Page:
The focus of our research in the Division of Adolescent Medicine at the Golisano Children’s Hospital is to study the phenomena of adolescent health and healthcare services for young adults. Our patients range from 12 to 25 years of age and our research often has implications for patients beyond that range since we study the delivery mechanisms of health services to young adults and the transition to adult care.
We provide our faculty and fellows with mentorship and resources to aid in their research and to help them achieve their goals in their academic endeavors.
Utilizing sophisticated qualitative and quantitative research methods, faculty and fellows conduct a number of clinical studies. Through our research we hope to achieve the following goals.
- Encourage healthy preventive behaviors and overall medical treatment of adolescents.
- Address the risk associated with “teenage” environments and behaviors.
- Improve the quality of life for teens and young adults with chronic diseases.
- Promote the healthy development of teenagers especially those with special needs, and move them safely and effectively into adult care providers and systems.
Areas of Research
- Biopsychosocial Health Factors
- Brain Development
- Cultural Sensitivity and Competency in Medicine
- Eating Disorders
- Long Acting Reversible Contraception (LARC)
- Palliative Care and Bereavement
- Risky Behaviors
- Transitioning Care of Adolescents to Adult Providers
Current Studies, Projects & Programs
Promoting a Culture of Resilience and Health at East: A Multimodal Approach
Co-Project Directors Susan “Shellie” Yussman, M.D., M.P.H. and Kim Urbach P.N.P. are working in conjunction with the Educational Partnership Organization between the Rochester City School District and the UR Warner School of Education to improve the health of students at a local, urban combined high school and middle school. The Greater Rochester Health Foundation is funding this multidisciplinary project to improve student: 1. mental health through resiliency building, 2. sexual health through universal chlamydia and gonorrhea screening, and 3. nutritional health through breakfast in the classroom programming.
The Recruitment and Acceptability of a Project ECHO® Eating Disorders Clinic: A Pilot Study of Telementoring for Primary Medical and Behavioral Health Care Practitioners
As the Associate Medical Director for The Western NY Comprehensive Care Center for Eating Disorders, Taylor Starr D.O., M.P.H. helps lead both the ECHO® Eating Disorders Team and the School-Based ECHO® Eating Disorders Team to advocate, educate, and consult to providers across disciplines, community agencies, and school personnel, to meet the needs of children, adolescents, young adults and their families affected by eating disorders in the 30 county region.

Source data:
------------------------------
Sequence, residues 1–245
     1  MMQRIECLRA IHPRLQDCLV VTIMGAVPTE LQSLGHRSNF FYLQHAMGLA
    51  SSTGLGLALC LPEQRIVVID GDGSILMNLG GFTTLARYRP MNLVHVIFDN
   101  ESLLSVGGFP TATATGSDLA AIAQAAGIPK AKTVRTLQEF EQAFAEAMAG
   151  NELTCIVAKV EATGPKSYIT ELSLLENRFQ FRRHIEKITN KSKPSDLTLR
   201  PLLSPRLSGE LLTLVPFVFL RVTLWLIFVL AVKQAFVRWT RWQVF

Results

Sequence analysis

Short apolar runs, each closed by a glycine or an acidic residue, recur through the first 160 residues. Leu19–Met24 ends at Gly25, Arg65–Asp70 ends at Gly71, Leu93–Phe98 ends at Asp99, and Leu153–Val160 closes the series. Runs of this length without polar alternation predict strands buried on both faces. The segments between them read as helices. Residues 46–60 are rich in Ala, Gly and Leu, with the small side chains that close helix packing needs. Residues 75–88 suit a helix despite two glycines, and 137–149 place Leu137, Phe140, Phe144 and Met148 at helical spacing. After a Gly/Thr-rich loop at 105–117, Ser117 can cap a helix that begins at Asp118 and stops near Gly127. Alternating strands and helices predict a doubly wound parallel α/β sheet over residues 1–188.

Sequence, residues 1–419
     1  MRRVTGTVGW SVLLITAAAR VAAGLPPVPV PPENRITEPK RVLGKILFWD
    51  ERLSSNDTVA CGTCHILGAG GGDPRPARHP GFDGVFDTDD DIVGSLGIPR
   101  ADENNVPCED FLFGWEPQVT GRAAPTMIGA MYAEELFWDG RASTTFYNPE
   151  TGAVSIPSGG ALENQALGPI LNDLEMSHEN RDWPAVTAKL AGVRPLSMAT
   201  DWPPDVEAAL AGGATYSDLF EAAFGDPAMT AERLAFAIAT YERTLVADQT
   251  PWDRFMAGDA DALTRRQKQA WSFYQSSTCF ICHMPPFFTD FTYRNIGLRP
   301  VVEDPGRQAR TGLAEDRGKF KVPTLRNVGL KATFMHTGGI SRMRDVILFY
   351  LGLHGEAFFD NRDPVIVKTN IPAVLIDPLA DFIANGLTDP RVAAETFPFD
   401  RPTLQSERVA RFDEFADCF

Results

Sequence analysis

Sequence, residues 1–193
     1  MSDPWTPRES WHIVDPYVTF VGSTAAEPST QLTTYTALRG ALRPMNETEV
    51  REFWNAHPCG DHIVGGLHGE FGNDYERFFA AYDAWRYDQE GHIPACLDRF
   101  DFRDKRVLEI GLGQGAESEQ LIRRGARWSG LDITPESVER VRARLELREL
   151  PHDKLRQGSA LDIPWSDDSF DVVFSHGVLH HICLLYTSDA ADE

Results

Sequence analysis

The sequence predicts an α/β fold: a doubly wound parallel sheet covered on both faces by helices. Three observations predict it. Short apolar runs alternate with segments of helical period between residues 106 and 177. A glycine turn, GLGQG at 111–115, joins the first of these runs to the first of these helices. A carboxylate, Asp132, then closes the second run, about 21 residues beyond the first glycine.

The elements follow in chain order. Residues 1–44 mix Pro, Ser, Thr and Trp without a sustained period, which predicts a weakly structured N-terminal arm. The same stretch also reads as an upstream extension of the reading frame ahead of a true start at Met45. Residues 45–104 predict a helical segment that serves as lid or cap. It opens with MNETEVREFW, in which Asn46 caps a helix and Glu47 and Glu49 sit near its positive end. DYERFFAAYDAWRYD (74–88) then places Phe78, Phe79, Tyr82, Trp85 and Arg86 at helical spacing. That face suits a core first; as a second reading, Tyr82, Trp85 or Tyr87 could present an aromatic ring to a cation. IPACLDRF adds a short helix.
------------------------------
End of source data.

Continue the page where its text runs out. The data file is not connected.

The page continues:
Impact of the Rochester LARC Initiative on Adolescents’ Utilization of Long-Acting Reversible Contraception
Katherine Greenberg M.D. is Assistant Director of the LARC Initiative, a community education and diffusion of innovation project aimed at educating adults who work with youth about the safety, efficacy, and availability of long-acting reversible contraception for teens. The goal of this community project funded by the Greater Rochester Health Foundation is to prevent unintended teen pregnancy.
Use of a Self-Reflection Tool to Enhance Resident Learning on an Adolescent Medicine Rotation
Katherine Greenberg M.D. developed, piloted, and implemented use of a novel tool prompting pediatrics residents on their adolescent medicine rotation to self-reflect on their comfort with essential tasks of adolescent medicine, set goals for their rotation and their life-long learning, and connect the care of adolescent patients to their future career goals.
Adolescent Self-Reported Use of Highly Effective Contraception: Does Provider Counseling Matter?
Erica Bostick M.D.’s study examined associations between provider counseling about specific contraceptive methods and reported method use by adolescents. This was a cross-sectional, secondary analysis of the Rochester City School District Youth Risk Behavior Survey, to which 2 new/modified questions about long-acting reversible contraception (LARC) were added.
Research team: Bostick, Greenberg, Fagnano, Baldwin, Halterman, Yussman.
Online Implementation of Problem-Solving Skills Training for Mothers of Newly Diagnosed Childhood Cancer Patients
OJ Sahler, MD’s project developed and tested a web-based version of their highly effective in-person intervention for mothers of newly diagnosed childhood cancer patients. The results were encouraging in their support of an online educational module. A companion study is beginning enrollment using the Bright IDEAS intervention with adolescent and young adult cancer patients. This research is focused on use of emerging technology in providing health care and is easily adapted to virtually any area of clinical interest.
OJ Sahler M.D.’s project developed five web-based interprofessional education teaching modules focused on pain management. A pediatric pain task force was created, and a Pain Fair demonstrated complementary therapies. The department is working toward a more visible and usable complementary medicine toolkit with special emphasis on the role of music therapy. This research is focused on the use of innovative, non-pharmacologic approaches to management of mental health/psychological issues associated with both medical and psychophysiologic conditions.
View research projects of current and past fellows.